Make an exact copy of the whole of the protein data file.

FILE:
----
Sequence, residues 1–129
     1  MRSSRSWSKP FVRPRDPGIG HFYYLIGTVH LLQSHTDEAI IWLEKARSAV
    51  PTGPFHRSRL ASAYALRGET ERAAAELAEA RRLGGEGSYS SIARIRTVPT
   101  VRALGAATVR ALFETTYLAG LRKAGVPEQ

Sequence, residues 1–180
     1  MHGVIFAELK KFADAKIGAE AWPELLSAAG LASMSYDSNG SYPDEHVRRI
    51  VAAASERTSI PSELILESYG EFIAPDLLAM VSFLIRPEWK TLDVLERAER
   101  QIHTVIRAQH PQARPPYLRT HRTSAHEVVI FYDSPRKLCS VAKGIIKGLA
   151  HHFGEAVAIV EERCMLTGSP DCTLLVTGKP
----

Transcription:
Sequence, residues 1–129
     1  MRSSRSWSKP FVRPRDPGIG HFYYLIGTVH LLQSHTDEAI IWLEKARSAV
    51  PTGPFHRSRL ASAYALRGET ERAAAELAEA RRLGGEGSYS SIARIRTVPT
   101  VRALGAATVR ALFETTYLAG LRKAGVPEQ

Sequence, residues 1–180
     1  MHGVIFAELK KFADAKIGAE AWPELLSAAG LASMSYDSNG SYPDEHVRRI
    51  VAAASERTSI PSELILESYG EFIAPDLLAM VSFLIRPEWK TLDVLERAER
   101  QIHTVIRAQH PQARPPYLRT HRTSAHEVVI FYDSPRKLCS VAKGIIKGLA
   151  HHFGEAVAIV EERCMLTGSP DCTLLVTGKP